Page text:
From today's featured article
Rachel Dyer is a Gothic novel of historical fiction by American writer John Neal (depicted). Published in 1828 in Maine, it is the first bound novel about the Salem witch trials. It garnered little critical notice in its day but influenced works by better-known authors. It is best remembered for "Unpublished Preface", an American literary nationalist essay that precedes the story. Following a darkly poetic narrative, the story centers around historical figure George Burroughs and fictional witch hysteria victim Rachel Dyer. About two-thirds of the story takes place in the courtroom, following the trials of alleged witches. Themes include justice, sexual frustration, mistreatment of American Indians by Puritans, the myth of national American unity in the face of pluralist reality, and republican ideals as an antidote for Old World precedent. The novel experiments with speech patterns, dialogue, and transcriptions of Yankee dialect that Neal hoped would come to characterize American literature. (Full article...)
Did you know ...
- ... that the men who trained through the United States Army Replacement and School Command (insignia pictured) knew they were going to the deadliest places on the World War II battlefield?
- ... that Adele's song "Water Under the Bridge" is about her relationship with Simon Konecki, which she is usually reluctant to discuss in her music?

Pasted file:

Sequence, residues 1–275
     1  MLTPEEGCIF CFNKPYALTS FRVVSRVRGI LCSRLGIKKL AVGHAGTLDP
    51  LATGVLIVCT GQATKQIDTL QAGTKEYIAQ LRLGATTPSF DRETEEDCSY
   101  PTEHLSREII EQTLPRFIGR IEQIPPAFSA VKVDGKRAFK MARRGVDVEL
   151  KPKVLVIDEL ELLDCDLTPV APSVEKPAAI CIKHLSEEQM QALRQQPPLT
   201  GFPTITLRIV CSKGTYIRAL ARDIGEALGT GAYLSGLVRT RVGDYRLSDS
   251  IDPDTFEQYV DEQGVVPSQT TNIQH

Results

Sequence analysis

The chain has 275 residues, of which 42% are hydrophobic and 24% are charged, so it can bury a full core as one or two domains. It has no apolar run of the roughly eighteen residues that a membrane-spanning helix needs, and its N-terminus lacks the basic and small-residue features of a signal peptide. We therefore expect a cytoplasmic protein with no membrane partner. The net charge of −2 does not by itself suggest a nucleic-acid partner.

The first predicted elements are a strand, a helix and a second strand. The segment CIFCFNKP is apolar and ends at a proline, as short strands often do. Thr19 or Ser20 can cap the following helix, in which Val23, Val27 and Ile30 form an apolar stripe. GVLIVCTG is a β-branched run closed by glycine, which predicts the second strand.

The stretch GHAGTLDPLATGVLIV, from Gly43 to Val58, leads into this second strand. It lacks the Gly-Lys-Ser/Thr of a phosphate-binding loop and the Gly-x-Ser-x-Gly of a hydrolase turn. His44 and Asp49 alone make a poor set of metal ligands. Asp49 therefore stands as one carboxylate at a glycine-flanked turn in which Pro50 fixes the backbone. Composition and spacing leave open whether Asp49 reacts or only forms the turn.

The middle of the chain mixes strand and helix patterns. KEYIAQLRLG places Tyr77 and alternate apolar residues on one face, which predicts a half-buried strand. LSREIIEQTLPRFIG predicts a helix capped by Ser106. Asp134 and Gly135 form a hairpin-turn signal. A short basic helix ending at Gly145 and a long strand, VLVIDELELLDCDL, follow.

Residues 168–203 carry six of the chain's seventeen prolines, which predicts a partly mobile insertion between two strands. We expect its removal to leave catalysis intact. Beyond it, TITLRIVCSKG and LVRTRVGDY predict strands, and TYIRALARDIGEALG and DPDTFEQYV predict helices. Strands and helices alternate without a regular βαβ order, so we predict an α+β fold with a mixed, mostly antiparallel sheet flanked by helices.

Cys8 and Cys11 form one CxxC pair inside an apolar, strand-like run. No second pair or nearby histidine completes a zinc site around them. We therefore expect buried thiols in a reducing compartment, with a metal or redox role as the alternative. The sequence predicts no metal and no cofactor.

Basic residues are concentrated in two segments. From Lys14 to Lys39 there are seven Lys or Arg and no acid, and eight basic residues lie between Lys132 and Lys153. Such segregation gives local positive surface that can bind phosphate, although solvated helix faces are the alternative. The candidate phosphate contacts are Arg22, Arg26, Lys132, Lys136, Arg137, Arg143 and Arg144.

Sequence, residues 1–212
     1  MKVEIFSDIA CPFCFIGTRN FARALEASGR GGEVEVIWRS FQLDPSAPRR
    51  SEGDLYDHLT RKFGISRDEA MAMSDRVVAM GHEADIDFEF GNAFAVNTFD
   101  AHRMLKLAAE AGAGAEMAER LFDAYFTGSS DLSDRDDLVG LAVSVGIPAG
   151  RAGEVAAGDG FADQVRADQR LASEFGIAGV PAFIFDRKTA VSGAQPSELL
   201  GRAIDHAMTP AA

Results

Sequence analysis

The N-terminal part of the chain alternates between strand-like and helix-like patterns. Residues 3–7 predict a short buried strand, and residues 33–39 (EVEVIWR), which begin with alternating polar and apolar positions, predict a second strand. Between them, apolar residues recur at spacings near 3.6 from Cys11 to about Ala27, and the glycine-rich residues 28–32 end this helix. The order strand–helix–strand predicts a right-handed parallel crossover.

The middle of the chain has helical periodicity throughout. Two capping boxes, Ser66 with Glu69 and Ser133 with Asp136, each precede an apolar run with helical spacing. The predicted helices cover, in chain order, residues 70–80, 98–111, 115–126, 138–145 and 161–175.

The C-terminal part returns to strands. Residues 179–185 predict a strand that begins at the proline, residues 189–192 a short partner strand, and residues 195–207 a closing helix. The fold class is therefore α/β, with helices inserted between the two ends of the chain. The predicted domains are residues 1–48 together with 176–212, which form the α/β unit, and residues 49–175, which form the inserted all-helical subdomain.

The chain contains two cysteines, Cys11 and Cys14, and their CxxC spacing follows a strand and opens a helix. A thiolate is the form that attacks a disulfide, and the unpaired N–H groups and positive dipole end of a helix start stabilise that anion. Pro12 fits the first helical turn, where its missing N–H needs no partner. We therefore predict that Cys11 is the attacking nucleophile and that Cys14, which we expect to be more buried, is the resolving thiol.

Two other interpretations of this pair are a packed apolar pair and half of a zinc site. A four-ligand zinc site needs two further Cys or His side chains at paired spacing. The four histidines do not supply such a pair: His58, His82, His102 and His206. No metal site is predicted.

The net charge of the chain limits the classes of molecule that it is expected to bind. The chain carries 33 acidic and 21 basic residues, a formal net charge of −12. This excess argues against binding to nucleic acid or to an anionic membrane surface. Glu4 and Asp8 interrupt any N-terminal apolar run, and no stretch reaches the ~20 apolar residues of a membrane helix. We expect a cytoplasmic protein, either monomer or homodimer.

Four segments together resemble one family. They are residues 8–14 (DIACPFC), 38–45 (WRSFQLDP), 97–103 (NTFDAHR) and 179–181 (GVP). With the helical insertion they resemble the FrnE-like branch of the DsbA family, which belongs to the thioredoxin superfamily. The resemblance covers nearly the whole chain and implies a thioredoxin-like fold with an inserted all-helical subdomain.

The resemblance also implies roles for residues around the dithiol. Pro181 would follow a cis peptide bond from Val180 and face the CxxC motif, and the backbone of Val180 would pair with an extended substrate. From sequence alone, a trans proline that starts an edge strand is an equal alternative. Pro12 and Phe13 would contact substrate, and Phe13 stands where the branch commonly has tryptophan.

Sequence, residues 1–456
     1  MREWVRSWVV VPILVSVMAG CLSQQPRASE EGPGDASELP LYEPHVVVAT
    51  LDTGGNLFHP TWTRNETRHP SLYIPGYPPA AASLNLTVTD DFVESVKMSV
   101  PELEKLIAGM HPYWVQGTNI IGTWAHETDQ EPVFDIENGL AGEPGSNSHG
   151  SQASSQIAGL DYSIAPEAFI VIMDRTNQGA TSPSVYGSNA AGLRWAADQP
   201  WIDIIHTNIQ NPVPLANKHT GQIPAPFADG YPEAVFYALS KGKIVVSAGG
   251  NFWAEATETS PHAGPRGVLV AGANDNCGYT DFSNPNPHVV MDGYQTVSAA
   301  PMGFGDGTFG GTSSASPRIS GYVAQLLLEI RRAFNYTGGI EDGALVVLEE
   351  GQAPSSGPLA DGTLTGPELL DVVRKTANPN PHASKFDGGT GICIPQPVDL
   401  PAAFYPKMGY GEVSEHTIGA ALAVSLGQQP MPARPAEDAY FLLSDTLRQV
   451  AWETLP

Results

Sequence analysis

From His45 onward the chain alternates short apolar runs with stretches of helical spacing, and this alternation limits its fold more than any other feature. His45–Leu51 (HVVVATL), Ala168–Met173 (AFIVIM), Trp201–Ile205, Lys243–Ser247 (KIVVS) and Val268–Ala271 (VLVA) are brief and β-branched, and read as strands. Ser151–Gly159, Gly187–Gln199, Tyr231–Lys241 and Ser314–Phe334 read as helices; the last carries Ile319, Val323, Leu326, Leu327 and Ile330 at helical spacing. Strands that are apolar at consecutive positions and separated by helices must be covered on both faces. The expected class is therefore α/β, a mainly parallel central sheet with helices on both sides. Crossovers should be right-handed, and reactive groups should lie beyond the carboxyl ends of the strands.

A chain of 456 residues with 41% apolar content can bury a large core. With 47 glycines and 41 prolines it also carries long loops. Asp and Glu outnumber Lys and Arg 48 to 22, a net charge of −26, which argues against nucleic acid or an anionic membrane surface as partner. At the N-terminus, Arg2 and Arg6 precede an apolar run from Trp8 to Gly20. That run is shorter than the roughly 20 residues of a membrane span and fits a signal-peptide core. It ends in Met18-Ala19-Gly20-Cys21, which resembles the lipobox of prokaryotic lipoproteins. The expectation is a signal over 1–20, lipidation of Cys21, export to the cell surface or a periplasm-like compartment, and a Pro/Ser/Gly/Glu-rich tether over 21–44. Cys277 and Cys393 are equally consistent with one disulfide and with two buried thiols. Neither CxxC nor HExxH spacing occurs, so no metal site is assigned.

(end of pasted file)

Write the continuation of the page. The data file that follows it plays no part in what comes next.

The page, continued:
- ... that the 1995 Aigio earthquake caused the strongest ground acceleration ever recorded in Greece?
- ... that Latin philologist Robert Rodgers produced the first detailed commentary on Frontinus's work on Roman aqueducts in almost 300 years?
- ... that the bombing of Mokha was described as one of the deadliest attacks by the Saudi Arabian–led coalition against Yemen, leaving between 65 and 120 dead, including 10 children?
- ... that at the time of its construction in 1920, the Howard Theatre in Atlanta was the second-largest movie theater in the world, with a seating capacity of 2,700?
- ... that when Josette Simon appeared as Rosaline in Love's Labour's Lost, she was the first black woman in a lead role at the Royal Shakespeare Company?
- ... that Soccer Mommy hosted a virtual concert through Club Penguin Rewritten?
In the news
- Svante Pääbo (pictured) is awarded the Nobel Prize in Physiology or Medicine for his work on human evolutionary genetics.
- In motorsport, Kalle Rovanperä wins the World Rally Championship, becoming its youngest champion at 22 years old.
- In Malang Regency, Indonesia, at least 125 people are killed in a human crush at an association football match.
- In Burkina Faso, a coup d'état led by Ibrahim Traore deposes interim president Paul-Henri Sandaogo Damiba.
On this day
- 610 – Heraclius was crowned Byzantine emperor, having personally beheaded his predecessor, Phocas.
- 1789 – French Revolution: Upset about the high price and scarcity of bread, thousands of Parisian women and allies marched on the Palace of Versailles.
- 1936 – Around 200 men began a 291-mile (468 km) march from Jarrow to London, carrying a petition to the British government requesting the re-establishment of industry in the town.
- 1962 – Dr. No, the first James Bond film, was released.
- 1963 – The U.S. suspended the Commercial Import Program, its main economic support for South Vietnam, in response to the oppression of Buddhists by President Ngô Đình Diệm (pictured).
Today's featured picture
Trimeresurus gumprechti, commonly known as Gumprecht's green pit viper, is a species of venomous pit viper in the family Viperidae. Endemic to Asia, it is found in parts of China, Laos, Myanmar, Thailand, and Vietnam, and is strikingly bright green in color. This female T. gumprechti snake was photographed in Phu Suan Sai National Park in northern Thailand.
Photograph credit: Rushen